BC lags rest of Canada on funding for public watchdogs

September 27, 2006

(Vancouver) A report published today by the Canadian Centre for Policy Alternatives shows that BC ranks 8th among Canadian provinces on per capita funding for the Auditor General’s Office, and 6th out of eight provinces that have stand-alone Information and Privacy Offices.*

In addition to BC’s poor inter-provincial ranking, the report finds that:

  • In the last five years, the ability of both the Auditor General and Freedom of Information and Privacy Commissioner to do their work has been undermined by budget cuts and inadequate resources for new and expanded mandates.
  • Funding for both offices is lower today in real terms (after inflation) than it was in 2001. (In absolute dollars, funding for the Auditor General’s Office only regained 2001/02 levels in 2005/06; funding for the Information and Privacy Commissioner only regained 2001/02 levels in 2006/07.)
  • The independence of the Auditor General has been undermined by use of a legislative loophole that allowed him to be appointed by the government, instead of the legislature.

“Citizens have a right to know what our governments are doing and why, how they are spending tax dollars, and how they are collecting and protecting personal information about us,” says Keith Reynolds, author of the report. Reynolds is a CCPA research associate and a researcher with CUPE. “BC can’t have open and accountable government — much less lead the country on this front — without adequately funding the work of our Auditor General and Information and Privacy Commissioner.”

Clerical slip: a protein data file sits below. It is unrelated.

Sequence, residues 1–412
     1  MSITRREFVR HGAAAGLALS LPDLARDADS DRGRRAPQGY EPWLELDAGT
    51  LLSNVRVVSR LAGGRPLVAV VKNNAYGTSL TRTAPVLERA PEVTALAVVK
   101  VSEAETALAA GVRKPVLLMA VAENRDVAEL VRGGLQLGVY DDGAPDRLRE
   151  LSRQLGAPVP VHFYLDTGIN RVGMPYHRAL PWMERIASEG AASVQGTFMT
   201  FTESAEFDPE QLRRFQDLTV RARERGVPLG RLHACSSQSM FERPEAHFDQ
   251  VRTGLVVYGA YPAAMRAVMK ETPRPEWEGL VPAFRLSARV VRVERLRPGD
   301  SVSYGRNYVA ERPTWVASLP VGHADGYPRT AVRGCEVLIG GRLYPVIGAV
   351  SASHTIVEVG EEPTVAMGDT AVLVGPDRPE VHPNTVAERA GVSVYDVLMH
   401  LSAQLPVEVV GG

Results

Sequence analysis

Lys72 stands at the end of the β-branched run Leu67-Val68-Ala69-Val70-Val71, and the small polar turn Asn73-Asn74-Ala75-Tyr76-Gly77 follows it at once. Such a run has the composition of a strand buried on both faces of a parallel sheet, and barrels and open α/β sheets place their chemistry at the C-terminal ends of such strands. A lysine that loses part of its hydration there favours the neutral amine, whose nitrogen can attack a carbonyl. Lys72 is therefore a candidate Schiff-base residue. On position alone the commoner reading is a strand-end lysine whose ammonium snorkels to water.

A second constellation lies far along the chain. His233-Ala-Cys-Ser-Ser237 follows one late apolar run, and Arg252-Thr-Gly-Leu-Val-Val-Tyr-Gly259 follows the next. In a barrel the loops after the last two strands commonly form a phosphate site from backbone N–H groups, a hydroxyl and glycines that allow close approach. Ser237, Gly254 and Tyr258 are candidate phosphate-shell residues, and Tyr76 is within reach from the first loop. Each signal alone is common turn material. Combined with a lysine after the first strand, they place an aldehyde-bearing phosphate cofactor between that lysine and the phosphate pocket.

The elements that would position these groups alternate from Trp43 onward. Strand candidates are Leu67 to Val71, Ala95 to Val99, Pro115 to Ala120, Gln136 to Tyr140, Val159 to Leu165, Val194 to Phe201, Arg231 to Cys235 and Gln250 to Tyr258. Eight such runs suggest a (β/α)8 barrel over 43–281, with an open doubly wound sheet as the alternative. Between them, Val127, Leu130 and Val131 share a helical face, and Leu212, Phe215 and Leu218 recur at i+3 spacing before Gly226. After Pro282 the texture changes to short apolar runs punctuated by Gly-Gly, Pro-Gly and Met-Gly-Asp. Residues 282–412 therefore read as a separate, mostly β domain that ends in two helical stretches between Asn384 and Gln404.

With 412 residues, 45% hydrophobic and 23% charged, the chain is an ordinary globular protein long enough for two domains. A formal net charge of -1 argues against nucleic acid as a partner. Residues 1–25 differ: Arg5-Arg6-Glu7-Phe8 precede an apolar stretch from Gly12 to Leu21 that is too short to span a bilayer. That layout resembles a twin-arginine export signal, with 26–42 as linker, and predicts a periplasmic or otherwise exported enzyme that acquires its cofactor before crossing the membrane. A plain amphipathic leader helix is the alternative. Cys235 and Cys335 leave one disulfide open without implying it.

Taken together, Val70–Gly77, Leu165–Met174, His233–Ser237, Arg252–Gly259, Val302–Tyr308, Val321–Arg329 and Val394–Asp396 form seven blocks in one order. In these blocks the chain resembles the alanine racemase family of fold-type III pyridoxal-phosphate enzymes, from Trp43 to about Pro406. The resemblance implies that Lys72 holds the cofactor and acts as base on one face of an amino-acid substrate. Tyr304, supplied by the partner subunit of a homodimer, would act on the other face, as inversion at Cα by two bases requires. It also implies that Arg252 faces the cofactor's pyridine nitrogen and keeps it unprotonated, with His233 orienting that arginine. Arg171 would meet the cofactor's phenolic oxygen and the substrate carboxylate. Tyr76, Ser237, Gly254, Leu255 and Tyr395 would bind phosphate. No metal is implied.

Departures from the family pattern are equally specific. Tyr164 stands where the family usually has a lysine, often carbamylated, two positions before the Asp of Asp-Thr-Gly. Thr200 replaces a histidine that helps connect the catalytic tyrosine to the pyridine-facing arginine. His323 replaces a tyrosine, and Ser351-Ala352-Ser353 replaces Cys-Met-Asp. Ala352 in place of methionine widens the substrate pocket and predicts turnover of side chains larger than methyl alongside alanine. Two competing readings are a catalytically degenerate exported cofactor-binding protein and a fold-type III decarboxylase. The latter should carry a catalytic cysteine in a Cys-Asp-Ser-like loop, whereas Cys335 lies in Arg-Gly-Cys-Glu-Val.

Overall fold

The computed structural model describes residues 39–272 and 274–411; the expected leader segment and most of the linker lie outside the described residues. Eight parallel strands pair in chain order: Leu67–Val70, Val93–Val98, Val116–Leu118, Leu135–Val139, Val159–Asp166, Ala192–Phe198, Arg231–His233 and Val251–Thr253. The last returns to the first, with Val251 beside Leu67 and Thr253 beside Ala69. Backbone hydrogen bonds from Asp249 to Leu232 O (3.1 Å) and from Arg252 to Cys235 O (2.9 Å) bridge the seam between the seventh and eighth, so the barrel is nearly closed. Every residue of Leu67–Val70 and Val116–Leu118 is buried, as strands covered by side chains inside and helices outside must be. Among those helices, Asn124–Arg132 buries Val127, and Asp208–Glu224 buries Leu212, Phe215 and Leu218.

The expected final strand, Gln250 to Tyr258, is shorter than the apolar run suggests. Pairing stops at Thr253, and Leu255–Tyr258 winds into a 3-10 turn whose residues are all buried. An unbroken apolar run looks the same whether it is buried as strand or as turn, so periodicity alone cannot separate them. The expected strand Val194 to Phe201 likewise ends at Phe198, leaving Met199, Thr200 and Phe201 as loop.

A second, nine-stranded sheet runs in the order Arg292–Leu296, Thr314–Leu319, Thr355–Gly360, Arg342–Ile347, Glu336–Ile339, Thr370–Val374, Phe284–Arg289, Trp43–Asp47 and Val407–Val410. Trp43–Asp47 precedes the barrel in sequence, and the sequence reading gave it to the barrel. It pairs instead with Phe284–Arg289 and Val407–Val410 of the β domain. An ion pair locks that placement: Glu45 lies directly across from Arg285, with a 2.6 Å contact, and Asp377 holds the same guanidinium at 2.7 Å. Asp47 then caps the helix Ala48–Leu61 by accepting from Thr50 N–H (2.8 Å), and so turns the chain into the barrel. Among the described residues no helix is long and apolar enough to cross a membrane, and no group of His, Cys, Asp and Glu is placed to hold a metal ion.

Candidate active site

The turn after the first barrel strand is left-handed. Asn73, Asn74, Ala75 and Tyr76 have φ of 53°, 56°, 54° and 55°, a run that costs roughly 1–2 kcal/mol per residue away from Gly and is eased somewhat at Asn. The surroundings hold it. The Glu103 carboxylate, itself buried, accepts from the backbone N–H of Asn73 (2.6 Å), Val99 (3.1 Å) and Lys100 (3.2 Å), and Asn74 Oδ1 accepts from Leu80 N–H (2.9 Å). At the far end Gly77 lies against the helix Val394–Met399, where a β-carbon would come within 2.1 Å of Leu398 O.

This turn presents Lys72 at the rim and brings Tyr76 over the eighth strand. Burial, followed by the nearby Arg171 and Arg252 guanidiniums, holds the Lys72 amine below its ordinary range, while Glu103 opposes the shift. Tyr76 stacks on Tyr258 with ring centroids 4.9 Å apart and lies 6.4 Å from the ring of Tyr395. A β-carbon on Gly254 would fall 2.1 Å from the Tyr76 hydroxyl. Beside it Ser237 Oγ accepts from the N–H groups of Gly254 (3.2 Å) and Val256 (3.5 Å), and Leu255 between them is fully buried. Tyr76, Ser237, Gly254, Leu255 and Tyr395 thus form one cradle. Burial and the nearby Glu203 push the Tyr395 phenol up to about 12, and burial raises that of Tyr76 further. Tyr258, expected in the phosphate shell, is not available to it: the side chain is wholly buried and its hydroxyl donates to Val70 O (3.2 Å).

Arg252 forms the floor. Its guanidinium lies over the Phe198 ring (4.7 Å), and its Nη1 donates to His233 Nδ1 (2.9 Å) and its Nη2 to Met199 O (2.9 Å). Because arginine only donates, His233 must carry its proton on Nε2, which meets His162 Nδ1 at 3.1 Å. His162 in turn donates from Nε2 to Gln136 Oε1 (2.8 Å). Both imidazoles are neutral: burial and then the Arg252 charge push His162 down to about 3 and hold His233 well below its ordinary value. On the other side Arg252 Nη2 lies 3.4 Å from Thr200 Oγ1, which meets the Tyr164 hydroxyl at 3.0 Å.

Among the report’s recommendations:

  • Funding for both offices should be increased immediately to make up for past cuts, reflect new responsibilities and raise BC’s per capita spending to the middle of the pack nationally. This would mean increasing the Auditor General’s funding from $10.5 million to $17 million, and the Information and Privacy Commissioner’s from $2.5 million to $3.4 million.
  • The Auditor General should be appointed with the consent of the full legislature, as intended under current legislation.
  • Ensure that the Auditor General’s Office has the resources needed to monitor the trend toward shifting government activities to the private sector (such as P3s and “Alternative Service Delivery”) and to end fee-for-service auditing.


* In Manitoba and New Brunswick this work is carried out under the Office of the Ombudsman.

How Does BC Rank on Openness and Accountability? The Government’s Approach to the Auditor General and Access to Information is available at www.policyalternatives.ca. To arrange an interview, call Shannon Daub at 604-801-5121 x226.